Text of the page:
ch10 - CHAPTER 10 Reporting and Analyzing Liabilities...

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CHAPTER 10 Reporting and Analyzing Liabilities CHAPTER OVERVIEW Chapter 10 discusses the two basic types of liabilities, current and long-term. In the former category you will learn about notes payable, sales taxes payable, payroll taxes payable, unearned revenues, and current maturities of long-term debt. In the latter category you will learn about bonds: their issuance, payment of interest and amortization of discount or premium (using both straight-line and effective-interest methods), and their redemption. You will also learn about long-term notes. For both categories you will learn about financial statement presentation and analysis. Finally, you will learn about off-balance-sheet financing. REVIEW OF SPECIFIC STUDY OBJECTIVES SO1. Explain a current liability and identify the major types of current liabilities. ¿ A current liability is a debt that can reasonably be expected to be paid from existing current assets or through the creation of other current liabilities within one year or the operating cycle, whichever is longer . A debt that does not meet both criteria is a long-term liability. ¿ Current liabilities include notes payable, accounts payable, unearned revenues, and accrued liabilities such as taxes, salaries and wages, and interest . All material current liabilities should be reported on the balance sheet.
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Tools for Business Decision Making 10-2 SO2. Describe the accounting for notes payable. ¿ Notes payable are obligations in the form of written notes . They give written documentation of a liability and usually require the borrower to pay interest. If a note is due for payment within one year of the balance sheet, then it is classified as a current liability. ¿ Consider the following example . Robinson Company borrows $20,000 and issues a 3-month, 12% note on May 1. The entry on May 1 is: Cash 20,000 Notes Payable 20,000 (To record issuance of note) If Robinson prepares financial statements on June 30 , necessitating adjusting entries, then the adjusting entry for accrued interest is: Interest Expense 400 Interest Payable 400 (To record accrued interest: $20,000 X .12 X 2/12) On the maturity date, August 1 , the following entry is recorded: Notes Payable 20,000 Interest Payable 400 Interest Expense 200 Cash 20,600 (To record payment of note plus interest) Total interest on the note is $600, and the maturity value is $20,600. The Interest Payable of $400 must be taken off the books since it is no longer payable, and the Interest Expense is the third month's interest ($20,000 X .12 X 1/12). SO3. Explain the accounting for other current liabilities. ¿ There are usually sales taxes on items sold . The retailer serves as a collection agent for the taxing authority, usually the state, and must periodically remit to the state the sales taxes collected. Under most state laws, when an item is sold, the amount of the sale and the amount of the sales tax must be rung up separately on the cash register . If $500 of merchandise is sold, and the sales tax percentage is 6%, then the following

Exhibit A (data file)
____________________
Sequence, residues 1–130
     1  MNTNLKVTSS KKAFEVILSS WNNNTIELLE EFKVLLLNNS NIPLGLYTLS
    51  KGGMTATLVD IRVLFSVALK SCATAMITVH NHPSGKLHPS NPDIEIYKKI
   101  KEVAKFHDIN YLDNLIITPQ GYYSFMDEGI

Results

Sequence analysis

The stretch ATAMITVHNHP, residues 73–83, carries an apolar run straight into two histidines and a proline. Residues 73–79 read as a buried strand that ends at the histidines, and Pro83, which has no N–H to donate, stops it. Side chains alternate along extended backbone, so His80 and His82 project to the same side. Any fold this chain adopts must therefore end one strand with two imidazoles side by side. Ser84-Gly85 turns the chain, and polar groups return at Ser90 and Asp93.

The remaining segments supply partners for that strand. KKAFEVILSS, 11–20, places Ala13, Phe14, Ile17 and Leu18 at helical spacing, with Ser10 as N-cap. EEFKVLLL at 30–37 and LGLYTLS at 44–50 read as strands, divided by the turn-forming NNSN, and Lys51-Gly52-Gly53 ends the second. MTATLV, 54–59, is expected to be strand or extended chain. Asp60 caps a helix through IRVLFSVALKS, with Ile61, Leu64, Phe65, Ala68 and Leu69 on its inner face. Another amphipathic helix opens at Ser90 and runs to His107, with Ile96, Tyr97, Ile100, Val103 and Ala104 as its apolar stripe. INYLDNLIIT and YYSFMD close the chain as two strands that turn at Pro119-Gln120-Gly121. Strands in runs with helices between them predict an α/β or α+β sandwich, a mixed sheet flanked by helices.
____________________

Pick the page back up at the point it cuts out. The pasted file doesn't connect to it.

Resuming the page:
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This note was uploaded on 08/02/2009 for the course BUAD 305 taught by Professor Davila during the Fall '07 term at USC.

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ch10 - CHAPTER 10 Reporting and Analyzing Liabilities...

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